Now the real fun begins, 90 mile beach at low tide is considered a road – meaning you can zip along at 100 km/hr, but I wouldn’t recommend it for a small car. As we drive along the beach, the most amazing thing is that there is no one and nothing else for miles. It is a stunning site to see so much beach and so much uninterrupted coast line. As we drive past, we see a pack of wild horses running along the beach – it’s like a site out of a movie!
Finally we stop just passed a small island which provides some variety to the background in the photos. We fun and frolic on the beach, jumping in the crashing waves and writing our names in the sand. I scoop up a bunch of sand here to add to my world sand collection back home.
90 mile beach is surrounded by massive sand dunes, and what better to do with all that sand then to go sand boarding! Out from under the bus appears sand boards for everyone, and we all race to the top of the hill to be the first to go down. I am the first girl and 3rd person to make it to the top from our bus group, I feel good about this. Sand boarding is like tobogganing but a bit scarier, and messier. Wear sunglasses for this as you will get sand blowing up in your face. It is an amazing rush boarding down the sand dunes, an experience not to be forgotten.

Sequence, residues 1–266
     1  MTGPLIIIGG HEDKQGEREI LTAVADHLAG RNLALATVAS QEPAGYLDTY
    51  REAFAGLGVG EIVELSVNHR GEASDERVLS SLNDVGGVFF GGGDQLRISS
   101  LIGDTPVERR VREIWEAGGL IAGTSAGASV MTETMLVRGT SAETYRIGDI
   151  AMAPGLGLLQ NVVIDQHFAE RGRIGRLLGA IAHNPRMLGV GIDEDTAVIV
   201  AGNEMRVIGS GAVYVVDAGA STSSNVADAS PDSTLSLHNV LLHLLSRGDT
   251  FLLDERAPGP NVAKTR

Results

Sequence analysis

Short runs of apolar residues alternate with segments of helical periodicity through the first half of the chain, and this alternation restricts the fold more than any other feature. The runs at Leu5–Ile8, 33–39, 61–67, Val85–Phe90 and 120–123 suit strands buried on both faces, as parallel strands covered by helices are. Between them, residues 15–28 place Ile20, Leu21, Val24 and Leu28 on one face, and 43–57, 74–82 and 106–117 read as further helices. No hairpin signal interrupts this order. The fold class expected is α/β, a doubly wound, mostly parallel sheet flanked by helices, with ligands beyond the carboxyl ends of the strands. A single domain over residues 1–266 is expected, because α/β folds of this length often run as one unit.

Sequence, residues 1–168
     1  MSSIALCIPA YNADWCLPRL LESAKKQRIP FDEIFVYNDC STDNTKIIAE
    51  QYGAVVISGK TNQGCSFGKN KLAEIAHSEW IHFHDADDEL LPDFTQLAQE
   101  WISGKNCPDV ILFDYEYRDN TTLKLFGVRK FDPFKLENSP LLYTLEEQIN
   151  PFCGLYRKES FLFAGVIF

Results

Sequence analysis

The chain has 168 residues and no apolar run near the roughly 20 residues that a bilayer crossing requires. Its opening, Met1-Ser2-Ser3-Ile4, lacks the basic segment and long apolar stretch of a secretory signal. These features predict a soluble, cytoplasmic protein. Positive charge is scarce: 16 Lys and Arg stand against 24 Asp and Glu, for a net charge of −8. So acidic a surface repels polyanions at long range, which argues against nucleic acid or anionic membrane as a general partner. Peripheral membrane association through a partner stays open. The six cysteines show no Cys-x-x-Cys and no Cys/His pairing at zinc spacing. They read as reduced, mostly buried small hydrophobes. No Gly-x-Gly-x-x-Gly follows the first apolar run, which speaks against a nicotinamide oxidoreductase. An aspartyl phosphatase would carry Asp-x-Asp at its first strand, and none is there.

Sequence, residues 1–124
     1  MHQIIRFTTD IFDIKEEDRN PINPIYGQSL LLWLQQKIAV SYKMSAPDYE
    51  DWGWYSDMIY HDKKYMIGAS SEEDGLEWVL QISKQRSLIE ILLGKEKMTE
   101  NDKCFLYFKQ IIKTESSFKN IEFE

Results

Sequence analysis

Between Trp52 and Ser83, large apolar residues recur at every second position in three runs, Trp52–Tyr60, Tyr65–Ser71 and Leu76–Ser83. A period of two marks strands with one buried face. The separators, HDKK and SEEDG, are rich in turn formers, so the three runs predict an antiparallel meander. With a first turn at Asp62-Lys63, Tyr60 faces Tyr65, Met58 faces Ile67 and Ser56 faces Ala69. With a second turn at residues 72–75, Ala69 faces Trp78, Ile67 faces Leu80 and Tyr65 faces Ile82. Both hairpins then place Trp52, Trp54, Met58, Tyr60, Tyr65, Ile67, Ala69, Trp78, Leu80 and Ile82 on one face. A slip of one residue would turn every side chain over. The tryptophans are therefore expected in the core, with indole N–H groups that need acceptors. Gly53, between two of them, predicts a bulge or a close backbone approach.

Since we are all covered in sand, a stop at another beach to rinse it off and have some lunch at Tapotupotu Bay. This one is off the beaten track a bit but worth a stop. Huge waves crash onto this small bay, making it a bit too dangerous for boogie boarding, but good enough to wade in and rinse off the sand. A picnic on the beach to take in the sites here is a must.
Half an hour later we pack up and head to our final attraction of the day – Cape Reinga. This place is very important to the Maori people, it is sacred land, and it is asked that you respect this by not eating or drinking on the land. As you head through the underpass and onto the walkway you can really feel the spirituality of this place. Here the Pacific Ocean meets the Tasman Sea.
There are signs along the walk that point out the places of reference in Maori culture.
As you make your way down to the lighthouse, you will be surrounded by views of the ocean and sea on both sides. There is a view here like no other in New Zealand. At the lighthouse there is a pole with a number of signs telling the distance to various world cities – Vancouver makes the cut at 11,000 km away. A few more minutes of soaking in the view here and back on the bus to Paihia for tonight.
I can’t believe it is our last night in New Zealand. Even though it was quick, I really think we made the most of the time we had. There is always more to see, but I feel like we had a good run at it. Off to Australia tomorrow!
We arrive! After almost 19 hours in the air, we finally land at the Auckland aiport at 5:15 am on Sunday Sept 6th (we have skipped Sept 5th entirely because we passed the international date line).